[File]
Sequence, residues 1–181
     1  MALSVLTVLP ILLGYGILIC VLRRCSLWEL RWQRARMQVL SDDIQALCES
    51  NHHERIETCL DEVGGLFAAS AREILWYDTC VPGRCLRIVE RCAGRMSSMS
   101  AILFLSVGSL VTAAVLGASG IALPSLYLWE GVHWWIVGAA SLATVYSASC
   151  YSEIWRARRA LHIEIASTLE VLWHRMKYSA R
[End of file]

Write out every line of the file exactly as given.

Sequence, residues 1–181
     1  MALSVLTVLP ILLGYGILIC VLRRCSLWEL RWQRARMQVL SDDIQALCES
    51  NHHERIETCL DEVGGLFAAS AREILWYDTC VPGRCLRIVE RCAGRMSSMS
   101  AILFLSVGSL VTAAVLGASG IALPSLYLWE GVHWWIVGAA SLATVYSASC
   151  YSEIWRARRA LHIEIASTLE VLWHRMKYSA R